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CP&DR News Briefs February 12, 2019: Sepulveda Pass Transit; San Jose Housing; Tuolumne County General Plan; and More

Brett Simpson on
Feb 11, 2019
The Los Angeles Metropolitan Transit Authority revealed plans to explore a new transit project connecting the Valley and Westside through the Sepulveda Pass, one of the region’s most congested corridors. Initial plans outline four alternatives, which all could expedite the key north-to-south commute to less than thirty minutes. The four alternatives include combinations of aerial lines and tunnel lines through the Santa Monica Mountains, and one proposes an aboveground monorail system. The alternative with the highest expected ridership is an 18-minute aerial-and-subway combination. This would also likely be the most expensive; tunneling through the Santa Monica Mountains will present significant costs and engineering challenges. Conversely, the plan with the lowest projected ridership is also the most cost-effective: the monorail option can handle steeper mountain grades than a rail line and wouldn’t require human drivers––but would make for the slowest ride at 26 minutes. Metro is expected to receive $2.54 billion for the Sepulveda Pass project through Measure M, the sales tax increase passed in 2016, and has secured $3.3 billion through other sources. The project is slated to finish 2033, but the city hopes to open the line in time for the 2028 Olympic Games.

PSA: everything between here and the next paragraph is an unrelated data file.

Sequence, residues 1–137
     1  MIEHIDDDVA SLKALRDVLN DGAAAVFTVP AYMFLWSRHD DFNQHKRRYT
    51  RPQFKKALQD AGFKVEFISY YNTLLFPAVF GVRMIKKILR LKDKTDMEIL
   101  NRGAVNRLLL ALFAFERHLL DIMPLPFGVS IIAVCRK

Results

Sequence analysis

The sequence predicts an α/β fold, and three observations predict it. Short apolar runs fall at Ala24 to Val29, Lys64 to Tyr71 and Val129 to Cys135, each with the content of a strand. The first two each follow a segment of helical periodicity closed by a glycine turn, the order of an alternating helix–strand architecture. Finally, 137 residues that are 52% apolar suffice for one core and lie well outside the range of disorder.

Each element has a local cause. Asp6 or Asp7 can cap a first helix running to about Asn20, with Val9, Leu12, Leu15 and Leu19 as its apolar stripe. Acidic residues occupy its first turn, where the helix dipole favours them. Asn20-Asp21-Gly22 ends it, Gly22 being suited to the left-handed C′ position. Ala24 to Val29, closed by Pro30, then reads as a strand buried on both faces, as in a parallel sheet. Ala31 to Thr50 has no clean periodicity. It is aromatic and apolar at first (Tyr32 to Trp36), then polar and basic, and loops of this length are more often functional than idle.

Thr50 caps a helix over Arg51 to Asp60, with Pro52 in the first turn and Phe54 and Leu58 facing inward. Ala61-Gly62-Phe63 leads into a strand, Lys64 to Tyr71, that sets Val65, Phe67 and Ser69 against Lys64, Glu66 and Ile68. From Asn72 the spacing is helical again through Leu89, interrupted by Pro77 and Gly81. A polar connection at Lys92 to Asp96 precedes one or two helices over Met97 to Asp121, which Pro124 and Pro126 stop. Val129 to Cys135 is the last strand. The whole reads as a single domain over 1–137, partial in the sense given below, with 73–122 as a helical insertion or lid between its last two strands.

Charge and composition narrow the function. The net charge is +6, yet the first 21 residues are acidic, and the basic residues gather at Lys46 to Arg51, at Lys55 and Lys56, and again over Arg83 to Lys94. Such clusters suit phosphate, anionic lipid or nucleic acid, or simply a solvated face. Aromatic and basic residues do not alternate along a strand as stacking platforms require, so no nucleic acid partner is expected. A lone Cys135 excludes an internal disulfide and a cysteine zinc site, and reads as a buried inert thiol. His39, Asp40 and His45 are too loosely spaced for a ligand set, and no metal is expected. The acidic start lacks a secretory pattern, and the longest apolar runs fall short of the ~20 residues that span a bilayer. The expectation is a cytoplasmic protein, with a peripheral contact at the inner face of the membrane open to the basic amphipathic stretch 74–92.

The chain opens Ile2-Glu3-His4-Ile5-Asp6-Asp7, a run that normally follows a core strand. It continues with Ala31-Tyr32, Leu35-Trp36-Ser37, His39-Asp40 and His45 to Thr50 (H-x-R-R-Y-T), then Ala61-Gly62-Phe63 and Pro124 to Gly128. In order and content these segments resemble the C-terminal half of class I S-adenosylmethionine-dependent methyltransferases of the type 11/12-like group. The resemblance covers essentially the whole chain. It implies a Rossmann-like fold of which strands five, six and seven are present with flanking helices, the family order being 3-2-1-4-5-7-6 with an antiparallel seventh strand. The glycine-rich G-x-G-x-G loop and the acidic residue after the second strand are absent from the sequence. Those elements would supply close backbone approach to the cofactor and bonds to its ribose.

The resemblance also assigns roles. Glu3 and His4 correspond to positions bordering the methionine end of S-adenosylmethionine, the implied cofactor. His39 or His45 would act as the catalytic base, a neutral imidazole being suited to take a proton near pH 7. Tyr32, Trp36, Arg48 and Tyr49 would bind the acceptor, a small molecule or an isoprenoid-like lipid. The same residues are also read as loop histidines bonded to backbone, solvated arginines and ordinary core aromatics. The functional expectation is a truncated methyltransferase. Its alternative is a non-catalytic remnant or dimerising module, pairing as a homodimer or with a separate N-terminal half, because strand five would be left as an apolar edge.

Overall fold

$100 Million Affordable Housing Plan Proposed for San Jose 
San Jose Mayor Sam Liccardo released a detailed new spending plan to expand the city’s stock of affordable housing. The plan, which still requires approval by the San Jose City Council, proposes spending $100 million on 11 developments that will add 1142 low-income units to the city. However, even a full approval of all proposed construction would still put San Jose only 20 percent of the way toward its goal of 10,000 affordable units by 2022. To address this gap, Liccardo  is looking for alternative inroads toward affordable housing. Liccardo recently asked the city to revisit whether pre-existing rent controls are placing limitations on new housing projects. He’s also looking for philanthropic and corporate support, including funding from the Partnership for the Bay’s Future, a group led by the Chan Zuckerberg Initiative, the San Francisco Foundation, and the Ford Foundation. Finally, he has met with Governor Gavin Newson, who has made housing an explicit component of his platform. "The more the merrier,” Liccardo told KQED of his multi-pronged approach. "I'm the first to recognize what we have is a multibillion dollar problem, and $10 million here and there isn't going to solve it, but every bit helps."

Tuolumne County Approves 20-year General Plan